I had much more fun on Saturday when we got a call from a friend who was still out. He wanted to borrow some wood, but we decided to loan him the generator instead - loaded it up in the van, trucked it up to his place, and went off to get the plugs and so forth needed to make a "suicide cord" to backfeed between his dryer outlet and the generator....... Found some solid 10/3 w/ ground dryer cable, but forget plugs, they were long gone from both Home Despot and Sloews, not to mention local hardware stores, etc...
Trying to figure out alternatives - I ended up with a seriously scary setup, :bug: but it worked, kept him going until the power came back on late Sunday... I did find some male 110 AC plugs that were labled 20 amp, and had one blade turned sideways - figured that I could wire one side of the 220 volt drier line to each one and plug into the 110v outlets on the generator and get power that way... The dryer end I could fake by taking the dryer plug apart and splicing the wires together.... Easy....
Then I found the plugs I'd purchased had the wrong blade turned sideways, so they wouldn't plug into the 20A outlets on the generator... I removed the ground prongs, which allowed me to flip them over, so they'd plug in, but left me with no ground... So I put one of the hot wires for each leg of the 220 volt line to the hot side of each plug, and put a 12g pigtail from the neutral to each of the neutral prongs, then stripped back the ground wire enough to reach the ground wingnut on the generator - did all this with both the house main and the dryer breakers off, and connected everything, then fired up the generator, and turned on the dryer breaker and a few selected loads, I think he ended up with the furnace, the fridge and freezer, and a few lights - enough to manage with, barely...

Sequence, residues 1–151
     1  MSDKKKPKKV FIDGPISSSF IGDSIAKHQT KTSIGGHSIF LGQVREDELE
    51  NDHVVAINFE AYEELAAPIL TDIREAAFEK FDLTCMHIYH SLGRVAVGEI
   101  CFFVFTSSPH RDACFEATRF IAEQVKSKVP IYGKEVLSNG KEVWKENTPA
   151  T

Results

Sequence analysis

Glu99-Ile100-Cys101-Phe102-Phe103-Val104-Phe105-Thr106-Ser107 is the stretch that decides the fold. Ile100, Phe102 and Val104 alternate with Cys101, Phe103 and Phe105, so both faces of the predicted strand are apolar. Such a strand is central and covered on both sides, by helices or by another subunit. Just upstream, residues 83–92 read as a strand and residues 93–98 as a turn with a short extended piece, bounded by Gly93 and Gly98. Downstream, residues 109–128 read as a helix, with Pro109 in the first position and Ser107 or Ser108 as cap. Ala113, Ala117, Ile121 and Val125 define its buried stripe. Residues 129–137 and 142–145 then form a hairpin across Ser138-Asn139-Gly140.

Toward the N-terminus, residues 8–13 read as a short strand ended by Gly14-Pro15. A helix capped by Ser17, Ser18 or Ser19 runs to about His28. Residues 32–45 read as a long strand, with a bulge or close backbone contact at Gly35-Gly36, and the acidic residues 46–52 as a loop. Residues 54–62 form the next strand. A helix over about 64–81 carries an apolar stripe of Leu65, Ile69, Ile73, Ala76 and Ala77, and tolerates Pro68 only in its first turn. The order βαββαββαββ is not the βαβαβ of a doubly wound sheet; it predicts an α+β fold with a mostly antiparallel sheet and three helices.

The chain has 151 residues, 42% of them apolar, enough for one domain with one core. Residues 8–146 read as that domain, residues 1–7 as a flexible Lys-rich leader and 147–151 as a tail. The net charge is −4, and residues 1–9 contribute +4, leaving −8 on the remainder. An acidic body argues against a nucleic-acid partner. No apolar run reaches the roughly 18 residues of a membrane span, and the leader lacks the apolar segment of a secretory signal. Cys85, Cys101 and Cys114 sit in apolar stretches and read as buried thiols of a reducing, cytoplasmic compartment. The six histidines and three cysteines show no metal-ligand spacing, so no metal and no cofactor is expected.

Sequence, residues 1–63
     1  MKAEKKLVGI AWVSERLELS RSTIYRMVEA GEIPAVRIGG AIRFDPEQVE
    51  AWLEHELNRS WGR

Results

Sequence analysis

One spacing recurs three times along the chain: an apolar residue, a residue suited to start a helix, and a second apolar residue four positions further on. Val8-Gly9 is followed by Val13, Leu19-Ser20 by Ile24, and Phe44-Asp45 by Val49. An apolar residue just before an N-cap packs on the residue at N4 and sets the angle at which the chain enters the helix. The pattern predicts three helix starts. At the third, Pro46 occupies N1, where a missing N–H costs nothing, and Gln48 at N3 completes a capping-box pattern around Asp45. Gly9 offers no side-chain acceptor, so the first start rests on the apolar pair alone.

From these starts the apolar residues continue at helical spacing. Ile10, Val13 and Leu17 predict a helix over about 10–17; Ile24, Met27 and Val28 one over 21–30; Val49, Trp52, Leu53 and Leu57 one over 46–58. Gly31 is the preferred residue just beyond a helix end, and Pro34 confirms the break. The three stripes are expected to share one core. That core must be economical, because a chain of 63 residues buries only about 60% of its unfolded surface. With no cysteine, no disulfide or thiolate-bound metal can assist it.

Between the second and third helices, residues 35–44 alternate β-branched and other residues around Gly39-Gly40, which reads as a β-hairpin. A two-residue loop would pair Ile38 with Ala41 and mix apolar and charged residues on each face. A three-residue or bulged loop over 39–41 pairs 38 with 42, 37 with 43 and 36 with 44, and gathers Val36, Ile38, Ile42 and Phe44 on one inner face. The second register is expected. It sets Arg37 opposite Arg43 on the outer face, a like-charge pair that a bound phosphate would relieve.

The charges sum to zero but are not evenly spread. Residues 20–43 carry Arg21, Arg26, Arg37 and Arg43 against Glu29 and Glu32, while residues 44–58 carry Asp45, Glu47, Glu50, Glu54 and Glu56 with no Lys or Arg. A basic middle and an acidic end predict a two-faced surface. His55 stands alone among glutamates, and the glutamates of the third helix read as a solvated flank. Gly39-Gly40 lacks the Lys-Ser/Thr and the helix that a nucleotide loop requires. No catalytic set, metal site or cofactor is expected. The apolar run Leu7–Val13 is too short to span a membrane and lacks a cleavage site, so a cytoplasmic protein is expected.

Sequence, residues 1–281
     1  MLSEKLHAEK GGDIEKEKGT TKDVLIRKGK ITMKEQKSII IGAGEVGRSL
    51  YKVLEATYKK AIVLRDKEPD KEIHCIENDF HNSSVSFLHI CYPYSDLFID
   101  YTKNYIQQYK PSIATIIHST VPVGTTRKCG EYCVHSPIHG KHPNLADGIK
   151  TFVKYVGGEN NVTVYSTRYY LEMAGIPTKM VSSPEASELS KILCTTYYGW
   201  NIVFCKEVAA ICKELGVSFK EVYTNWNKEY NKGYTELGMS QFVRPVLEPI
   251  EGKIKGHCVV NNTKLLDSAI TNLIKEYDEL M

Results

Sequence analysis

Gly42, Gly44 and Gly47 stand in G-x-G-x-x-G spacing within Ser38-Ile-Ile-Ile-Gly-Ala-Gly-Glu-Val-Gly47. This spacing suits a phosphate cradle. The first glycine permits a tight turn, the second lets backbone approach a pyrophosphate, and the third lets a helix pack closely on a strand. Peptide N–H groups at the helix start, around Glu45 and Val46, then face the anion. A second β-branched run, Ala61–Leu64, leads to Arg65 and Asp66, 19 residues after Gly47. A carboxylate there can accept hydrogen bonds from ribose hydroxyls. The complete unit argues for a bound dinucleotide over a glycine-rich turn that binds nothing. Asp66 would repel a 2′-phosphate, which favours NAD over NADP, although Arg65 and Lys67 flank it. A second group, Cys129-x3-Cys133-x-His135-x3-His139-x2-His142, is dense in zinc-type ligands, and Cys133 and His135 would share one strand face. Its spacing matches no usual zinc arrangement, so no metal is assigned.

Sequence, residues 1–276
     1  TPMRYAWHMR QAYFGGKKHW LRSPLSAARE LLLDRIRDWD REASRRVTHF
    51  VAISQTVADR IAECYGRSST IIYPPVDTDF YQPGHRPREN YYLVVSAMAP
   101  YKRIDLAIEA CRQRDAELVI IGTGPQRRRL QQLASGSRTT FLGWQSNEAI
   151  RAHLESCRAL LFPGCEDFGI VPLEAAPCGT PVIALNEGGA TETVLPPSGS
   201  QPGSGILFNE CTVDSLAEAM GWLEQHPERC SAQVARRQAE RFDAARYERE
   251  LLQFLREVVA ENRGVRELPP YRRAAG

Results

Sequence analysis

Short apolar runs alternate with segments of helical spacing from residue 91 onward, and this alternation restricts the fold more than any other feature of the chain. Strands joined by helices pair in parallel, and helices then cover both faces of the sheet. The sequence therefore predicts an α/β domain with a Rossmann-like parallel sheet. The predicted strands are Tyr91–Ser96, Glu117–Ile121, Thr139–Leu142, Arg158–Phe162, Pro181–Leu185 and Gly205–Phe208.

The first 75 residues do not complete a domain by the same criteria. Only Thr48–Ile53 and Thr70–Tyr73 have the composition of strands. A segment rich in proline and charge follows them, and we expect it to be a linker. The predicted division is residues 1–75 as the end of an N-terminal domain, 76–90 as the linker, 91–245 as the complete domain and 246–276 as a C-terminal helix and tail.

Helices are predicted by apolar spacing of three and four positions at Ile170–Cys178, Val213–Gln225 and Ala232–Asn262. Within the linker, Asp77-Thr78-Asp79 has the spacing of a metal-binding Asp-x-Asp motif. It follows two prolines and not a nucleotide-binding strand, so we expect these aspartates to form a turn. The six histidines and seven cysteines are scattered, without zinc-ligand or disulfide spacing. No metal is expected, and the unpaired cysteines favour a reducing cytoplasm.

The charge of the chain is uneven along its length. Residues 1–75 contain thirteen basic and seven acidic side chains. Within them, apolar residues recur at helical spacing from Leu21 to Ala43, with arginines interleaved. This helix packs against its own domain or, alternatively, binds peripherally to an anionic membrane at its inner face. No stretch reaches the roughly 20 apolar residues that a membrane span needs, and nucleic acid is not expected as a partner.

I am going to be very glad to get back up there and work on rebuilding that cable with the RIGHT power connectors - may never need it again, but I don't EVER want to have to put that kind of scary connection together again either...
Yeah, I guess that was the point I was trying to make in a not-so-clear way. The standard off the shelf "orange" extension cord I was using would not support my well demand. When I dropped the cash on a 10 foot 10 x 3 wire with the 30 amp twist lock plugs I was good to go when plugged directly in to my breaker. It was all in the wire in my case...
Please take that Safety Disconnect seriously. Two years ago a firefighter was electrocuted when the supposedly dead line was back fed from a house generator nearby. Telephone repair men have also been electrocuted from bare broken wires that were back fed from power lines that were touching. Either buy the correct switch or just plug directly into the appliance. Be safe.
As i said in the other thread in the pellet forum. Please buy the manual transfer switch kit. It's only $300 bucks at depot, and if you are at least a little savvy with wiring you can do it your self. If not it should not take a decent electrician more than a few hours to install.